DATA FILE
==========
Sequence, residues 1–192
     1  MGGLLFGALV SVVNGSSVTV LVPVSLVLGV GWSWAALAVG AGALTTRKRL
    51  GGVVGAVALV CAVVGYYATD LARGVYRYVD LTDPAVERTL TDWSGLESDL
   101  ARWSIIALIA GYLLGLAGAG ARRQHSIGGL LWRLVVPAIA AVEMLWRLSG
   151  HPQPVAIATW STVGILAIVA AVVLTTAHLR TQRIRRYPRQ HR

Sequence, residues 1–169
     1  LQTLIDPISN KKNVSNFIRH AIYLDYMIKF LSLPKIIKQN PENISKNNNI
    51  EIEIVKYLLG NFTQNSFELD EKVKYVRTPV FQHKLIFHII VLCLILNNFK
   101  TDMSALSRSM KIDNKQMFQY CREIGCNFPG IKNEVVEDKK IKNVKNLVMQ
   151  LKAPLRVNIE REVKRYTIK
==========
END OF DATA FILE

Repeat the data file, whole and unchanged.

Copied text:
Sequence, residues 1–192
     1  MGGLLFGALV SVVNGSSVTV LVPVSLVLGV GWSWAALAVG AGALTTRKRL
    51  GGVVGAVALV CAVVGYYATD LARGVYRYVD LTDPAVERTL TDWSGLESDL
   101  ARWSIIALIA GYLLGLAGAG ARRQHSIGGL LWRLVVPAIA AVEMLWRLSG
   151  HPQPVAIATW STVGILAIVA AVVLTTAHLR TQRIRRYPRQ HR

Sequence, residues 1–169
     1  LQTLIDPISN KKNVSNFIRH AIYLDYMIKF LSLPKIIKQN PENISKNNNI
    51  EIEIVKYLLG NFTQNSFELD EKVKYVRTPV FQHKLIFHII VLCLILNNFK
   101  TDMSALSRSM KIDNKQMFQY CREIGCNFPG IKNEVVEDKK IKNVKNLVMQ
   151  LKAPLRVNIE REVKRYTIK